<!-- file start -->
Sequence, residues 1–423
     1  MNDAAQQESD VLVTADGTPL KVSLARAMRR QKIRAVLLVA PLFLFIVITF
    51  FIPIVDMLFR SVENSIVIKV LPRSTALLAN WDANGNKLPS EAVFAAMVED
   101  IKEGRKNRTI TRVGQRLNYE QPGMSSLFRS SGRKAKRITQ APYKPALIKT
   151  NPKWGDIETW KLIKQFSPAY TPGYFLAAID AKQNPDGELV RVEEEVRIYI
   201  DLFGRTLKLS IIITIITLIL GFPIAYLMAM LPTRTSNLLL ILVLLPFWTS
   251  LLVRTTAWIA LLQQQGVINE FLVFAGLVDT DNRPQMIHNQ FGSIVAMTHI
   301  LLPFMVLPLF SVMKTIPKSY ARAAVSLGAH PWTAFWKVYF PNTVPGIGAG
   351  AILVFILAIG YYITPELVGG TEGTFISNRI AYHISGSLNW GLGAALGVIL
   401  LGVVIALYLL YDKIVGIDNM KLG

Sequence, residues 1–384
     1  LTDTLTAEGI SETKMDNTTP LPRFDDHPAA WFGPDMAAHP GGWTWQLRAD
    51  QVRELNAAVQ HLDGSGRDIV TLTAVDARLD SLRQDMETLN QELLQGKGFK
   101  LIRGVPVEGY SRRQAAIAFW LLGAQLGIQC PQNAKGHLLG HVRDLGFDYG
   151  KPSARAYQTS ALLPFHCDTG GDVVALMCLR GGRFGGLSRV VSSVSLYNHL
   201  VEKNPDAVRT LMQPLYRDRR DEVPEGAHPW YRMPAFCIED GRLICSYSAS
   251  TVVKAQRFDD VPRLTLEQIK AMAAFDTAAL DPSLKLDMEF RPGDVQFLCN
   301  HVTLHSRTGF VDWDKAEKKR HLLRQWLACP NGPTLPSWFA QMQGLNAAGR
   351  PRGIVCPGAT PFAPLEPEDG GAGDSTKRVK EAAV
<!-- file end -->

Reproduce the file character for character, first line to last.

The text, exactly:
Sequence, residues 1–423
     1  MNDAAQQESD VLVTADGTPL KVSLARAMRR QKIRAVLLVA PLFLFIVITF
    51  FIPIVDMLFR SVENSIVIKV LPRSTALLAN WDANGNKLPS EAVFAAMVED
   101  IKEGRKNRTI TRVGQRLNYE QPGMSSLFRS SGRKAKRITQ APYKPALIKT
   151  NPKWGDIETW KLIKQFSPAY TPGYFLAAID AKQNPDGELV RVEEEVRIYI
   201  DLFGRTLKLS IIITIITLIL GFPIAYLMAM LPTRTSNLLL ILVLLPFWTS
   251  LLVRTTAWIA LLQQQGVINE FLVFAGLVDT DNRPQMIHNQ FGSIVAMTHI
   301  LLPFMVLPLF SVMKTIPKSY ARAAVSLGAH PWTAFWKVYF PNTVPGIGAG
   351  AILVFILAIG YYITPELVGG TEGTFISNRI AYHISGSLNW GLGAALGVIL
   401  LGVVIALYLL YDKIVGIDNM KLG

Sequence, residues 1–384
     1  LTDTLTAEGI SETKMDNTTP LPRFDDHPAA WFGPDMAAHP GGWTWQLRAD
    51  QVRELNAAVQ HLDGSGRDIV TLTAVDARLD SLRQDMETLN QELLQGKGFK
   101  LIRGVPVEGY SRRQAAIAFW LLGAQLGIQC PQNAKGHLLG HVRDLGFDYG
   151  KPSARAYQTS ALLPFHCDTG GDVVALMCLR GGRFGGLSRV VSSVSLYNHL
   201  VEKNPDAVRT LMQPLYRDRR DEVPEGAHPW YRMPAFCIED GRLICSYSAS
   251  TVVKAQRFDD VPRLTLEQIK AMAAFDTAAL DPSLKLDMEF RPGDVQFLCN
   301  HVTLHSRTGF VDWDKAEKKR HLLRQWLACP NGPTLPSWFA QMQGLNAAGR
   351  PRGIVCPGAT PFAPLEPEDG GAGDSTKRVK EAAV